De gustibus et coloribus...
The protectability of non-traditional trademarks

The number of signs which, in the current state of the law, is eligible for protection under trademark law has recently increased considerably. An important cause for this was the earlier amendment of the Trademark Regulation and Directive and also the recent incorporation of these amendments into the Benelux Treaty on Intellectual Property.

Since then, the high-profile requirement of 'graphic representation' has been abolished. Previously, one could only register signs that could be represented in such a visual way, for example by a word, an image, a stave (for sound marks), etc.

The criterion of graphic representation has now been replaced by a clear and precise representation: the sign must be capable of being represented in such a way as to enable the competent authorities and the public to identify clearly and precisely the subject matter of the protection afforded to its proprietor. This can be done, for example, by means of jpg, mp3 or mp4 files.

This amendment facilitated the registration of a number of trademarks (e.g. sound marks) and has added a number of new categories so that the following types of trademarks can now be applied for:

word marks (the word itself, without specific form)

figurative marks (with or without word elements)

shape marks (e.g. the specific shape of a beverage bottle)

color marks (both a single color and a color combination)

sound marks (e.g. advertising jingles)

pattern marks (e.g. very well-known and distinctive clothing patterns)

position marks (a sign in a certain place, such as a red shoe sole)

motion marks (a sign that a certain movement is undergoing, without sound)

multimedia marks (a combination of images and sound)

hologram marks (signs that change appearance depending on the angle of view)

Although the European and Benelux amendments open the door further to other atypical marks, such as scent, taste and touch marks, some time after the introduction of the innovations, there are (virtually) no examples of this yet. It remains difficult to reproduce such signs in an accurate and clear manner.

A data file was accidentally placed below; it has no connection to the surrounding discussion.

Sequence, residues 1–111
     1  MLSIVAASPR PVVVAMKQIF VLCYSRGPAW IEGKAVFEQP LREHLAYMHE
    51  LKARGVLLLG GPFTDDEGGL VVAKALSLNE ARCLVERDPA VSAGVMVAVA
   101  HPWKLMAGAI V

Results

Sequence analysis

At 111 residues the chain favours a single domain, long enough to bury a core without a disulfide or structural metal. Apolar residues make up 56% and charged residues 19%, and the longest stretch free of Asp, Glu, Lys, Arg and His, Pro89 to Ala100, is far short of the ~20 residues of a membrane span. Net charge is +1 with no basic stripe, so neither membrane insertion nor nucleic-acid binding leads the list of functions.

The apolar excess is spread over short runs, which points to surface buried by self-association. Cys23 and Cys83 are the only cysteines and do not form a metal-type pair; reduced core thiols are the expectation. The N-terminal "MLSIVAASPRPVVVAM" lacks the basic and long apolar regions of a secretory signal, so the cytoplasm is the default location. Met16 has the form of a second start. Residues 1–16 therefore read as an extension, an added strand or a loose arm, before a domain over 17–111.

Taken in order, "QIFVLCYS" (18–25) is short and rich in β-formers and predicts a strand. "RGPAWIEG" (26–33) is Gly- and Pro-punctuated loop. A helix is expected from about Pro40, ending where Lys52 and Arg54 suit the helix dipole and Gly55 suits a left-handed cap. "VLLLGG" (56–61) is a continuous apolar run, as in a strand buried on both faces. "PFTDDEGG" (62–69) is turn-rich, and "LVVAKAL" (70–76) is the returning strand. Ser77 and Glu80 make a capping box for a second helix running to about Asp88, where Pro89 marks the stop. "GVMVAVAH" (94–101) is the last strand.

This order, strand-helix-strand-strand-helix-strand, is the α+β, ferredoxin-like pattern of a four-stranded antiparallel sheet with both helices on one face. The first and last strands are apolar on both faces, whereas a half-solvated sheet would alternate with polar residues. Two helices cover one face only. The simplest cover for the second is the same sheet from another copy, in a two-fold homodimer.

Chemical formulas were previously rejected by the Court of Justice in the well-known SIECKMANN case, partly because of its lack of clarity for the public. The subject of this case, however, was a rather complex odor, which SIECKMANN described as "balsamically fruity with a slight hint of cinnamon".

The current trend towards the extension of trademark law, however, means that the protection of such atypical trademarks should not be a priori excluded. In the United Kingdom, the United States and especially in Australia, fragrances are accepted as a trademark. The difficulty of the presentation and the resulting clarity for the public can apparently be partly offset by the distinctive character, so that simple and highly distinctive fragrances could be registered as trademarks on more than one occasion. For example, the scent of Play-Doh modelling clay, a rose scent for rubber tires and a beer scent for darts.

Nonetheless, also in Europe and the Benelux there is an (almost isolated) example of a scent mark. At the end of the nineties, a Dutch company, SENTA AROMATIC MARKETING, managed to file a scent mark (for tennis balls) in Europe and the Benelux. The description "The mark consists of the smell of fresh cut grass applied to the product" proved sufficient for the registration.

The value of intellectual property for companies should not be underestimated. This applies in particular to trademarks. The expansion of trademark law is likely to continue in the same direction and create more and more possibilities. This in combination with the abolition of the obstacle of graphic representation makes it increasingly interesting for companies to register their distinctive signs as a trademark.

 

CORBUS ADVOCATEN specializes in trademark law and can assist you in applying for or modifying your trademark.

 

For more information on this subject, do not hesitate to contact Vince Matheussen or Dirk Huygens.

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